Archive for the ‘Core Category

The End Of Grace – Infinite Shadows Of Memories

Posted in 'Core, CD, Metal with tags , , , , , on 9th May 2017 by Pieni

The End Of Grace
“Infinite Shadows Of Memories”
metalcore
Released: 10th May 2017
by Illumnirec

18268551_1450111981677758_1613674322985679302_n_zpsrjrhlus2

Where I come from there’s a saying that goes something like “who awaits always achieves”. And then someone twisted it, creating a new and pretty negative version, that says “who awaits gets desperate”. The latter translated my state of mind in the recent past regarding a full-length record by The End Of Grace, which I’ve been waiting for since the band got together. But it’s finally here and I’m living the original version of the saying, as waiting for “Infinite Shadows Of Memories” totally paid off. Between the two EPs “Lost In Transition” and “Unity”, there had already been an evolution in the songwriting, its features emboldened; but “Infinite…” is more than an upgrade of said features, it’s a new path straying away from the traditional metalcore they’ve begun with.

The crystal-clear clean tones have been replaced by somber, deep ones, still contrasting perfectly with Kriss’ growls; the focus on breakdowns is water under the bridge, the main priority now based on the musicality and not on sounding tougher than leather – even if they do sound relentless nevertheless. It’s just a whole new level of melody, more mature.

The ominous catchiness of “Life On The Line”, the yearning of the title-track, the collision of opposites of “Breathe”, the daring “Ride The Dark”… This record is a rollercoaster of emotions and shows TEoG pushing the proverbial envelope with their music. Hell, a whole stack of envelopes! It’s not even clear what it should be called anymore, but whether you go for “blues-core, deathcore or metalcore” (quoting the upbeat “We Really Don’t Know Yo”), this is The End Of Grace.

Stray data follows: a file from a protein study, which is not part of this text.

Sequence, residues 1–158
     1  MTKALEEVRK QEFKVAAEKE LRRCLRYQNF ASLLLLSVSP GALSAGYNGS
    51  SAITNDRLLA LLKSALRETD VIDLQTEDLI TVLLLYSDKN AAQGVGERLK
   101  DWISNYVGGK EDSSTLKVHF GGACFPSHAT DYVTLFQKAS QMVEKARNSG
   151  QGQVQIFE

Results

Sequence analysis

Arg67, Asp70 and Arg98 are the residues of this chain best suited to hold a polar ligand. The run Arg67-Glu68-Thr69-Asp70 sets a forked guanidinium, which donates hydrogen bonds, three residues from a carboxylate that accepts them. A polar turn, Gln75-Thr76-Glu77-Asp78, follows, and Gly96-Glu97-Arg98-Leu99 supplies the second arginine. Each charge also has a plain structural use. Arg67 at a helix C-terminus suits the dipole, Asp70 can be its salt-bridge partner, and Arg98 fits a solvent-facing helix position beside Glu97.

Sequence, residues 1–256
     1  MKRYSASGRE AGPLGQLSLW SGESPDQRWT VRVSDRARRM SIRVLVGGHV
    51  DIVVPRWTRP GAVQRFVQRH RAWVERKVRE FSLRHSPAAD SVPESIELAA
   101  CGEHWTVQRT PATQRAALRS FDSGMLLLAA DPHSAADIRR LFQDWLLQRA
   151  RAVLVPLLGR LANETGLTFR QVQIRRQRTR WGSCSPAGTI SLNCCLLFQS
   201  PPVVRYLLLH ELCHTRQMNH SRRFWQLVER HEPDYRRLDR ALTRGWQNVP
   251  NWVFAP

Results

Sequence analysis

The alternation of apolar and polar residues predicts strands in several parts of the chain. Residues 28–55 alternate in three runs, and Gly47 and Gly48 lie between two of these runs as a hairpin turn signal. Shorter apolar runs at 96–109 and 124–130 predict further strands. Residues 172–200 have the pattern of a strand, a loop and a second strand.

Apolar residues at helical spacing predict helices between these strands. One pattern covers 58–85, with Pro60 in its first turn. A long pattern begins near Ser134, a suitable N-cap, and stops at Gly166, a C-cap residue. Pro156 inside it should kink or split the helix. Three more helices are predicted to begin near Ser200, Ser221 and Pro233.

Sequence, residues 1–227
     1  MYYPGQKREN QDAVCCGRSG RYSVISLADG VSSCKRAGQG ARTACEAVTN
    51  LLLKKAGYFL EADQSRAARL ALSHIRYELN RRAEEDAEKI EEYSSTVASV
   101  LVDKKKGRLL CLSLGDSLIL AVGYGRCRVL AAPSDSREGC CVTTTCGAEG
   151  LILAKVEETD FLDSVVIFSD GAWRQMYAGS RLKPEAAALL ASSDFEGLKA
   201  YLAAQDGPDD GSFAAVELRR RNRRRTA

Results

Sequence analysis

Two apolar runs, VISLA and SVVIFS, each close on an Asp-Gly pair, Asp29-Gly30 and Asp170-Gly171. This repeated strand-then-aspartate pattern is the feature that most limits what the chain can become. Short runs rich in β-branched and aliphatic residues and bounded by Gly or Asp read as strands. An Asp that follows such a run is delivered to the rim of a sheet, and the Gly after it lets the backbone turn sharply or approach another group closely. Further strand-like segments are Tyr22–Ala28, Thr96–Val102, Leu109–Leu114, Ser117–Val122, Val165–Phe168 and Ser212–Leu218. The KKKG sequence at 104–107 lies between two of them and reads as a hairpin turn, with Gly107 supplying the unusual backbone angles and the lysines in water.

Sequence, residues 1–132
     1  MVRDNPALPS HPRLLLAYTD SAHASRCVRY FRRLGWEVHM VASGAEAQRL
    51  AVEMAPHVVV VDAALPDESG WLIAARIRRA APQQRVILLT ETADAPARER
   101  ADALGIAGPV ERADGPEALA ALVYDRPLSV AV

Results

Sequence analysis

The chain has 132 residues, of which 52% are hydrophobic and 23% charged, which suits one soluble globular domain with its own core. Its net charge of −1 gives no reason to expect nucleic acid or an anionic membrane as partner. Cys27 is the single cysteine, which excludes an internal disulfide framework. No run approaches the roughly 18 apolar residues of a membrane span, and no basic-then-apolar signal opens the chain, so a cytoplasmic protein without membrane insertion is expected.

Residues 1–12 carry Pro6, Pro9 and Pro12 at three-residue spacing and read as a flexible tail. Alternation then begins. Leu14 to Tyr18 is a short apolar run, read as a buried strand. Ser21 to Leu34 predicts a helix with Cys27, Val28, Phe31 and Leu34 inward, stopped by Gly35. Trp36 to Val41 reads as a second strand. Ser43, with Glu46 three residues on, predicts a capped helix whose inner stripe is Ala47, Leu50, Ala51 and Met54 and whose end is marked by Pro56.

5/5

Renata “Pieni” Lino

Advertisements

The Charm The Fury – The Sick, Dumb & Happy

Posted in 'Core, Alternative, CD, Metal with tags , , , , , , on 15th March 2017 by mickbirchy

The Charm The Fury

The Sick, Dumb & Happy

Metalcore, Groove Metal

Released: 17 March 2017

via Nuclear Blast

This is an album that I have been particularly excited for. I first caught wind of The Charm The Fury a few years ago via an article in Metal Hammer magazine.  I looked them up and I was really blown away by them.  I hadn’t heard anything like them before.  I would go on to discover a lot of bands in with this sound and I do have The Charm The Fury to thank for that. Their first album A Shade of My Former Self was an exciting bold record with a lot of passion and intensity. It was genuine smash of an album. So, I’ve really been getting into their new album The Sick, Dumb and Happy. They have made some interesting stylistic choices with this album to keep things fresh without losing their core appeal.

This album is more of a groove metal album then metalcore.  The gritty riffs the, groovy bass lines and more of an appealing tone. It fits them it really does. I think every member of the band carries their weight very well on this album. The sound is massive and all of the songs have the potential to be crowd pleasers.  From the old school sound of “Down on the Ropes” to the more modern sounding, “Weaponized”. They hit the mark nearly perfectly.  The production is bold and really gives a firm punch when the tunes get going. On this album the band feel way more palatable. These are songs more likely to get airplay in more mainstream and that’s really not a problem. They sound great doing it and I would say that these songs deserve the attention.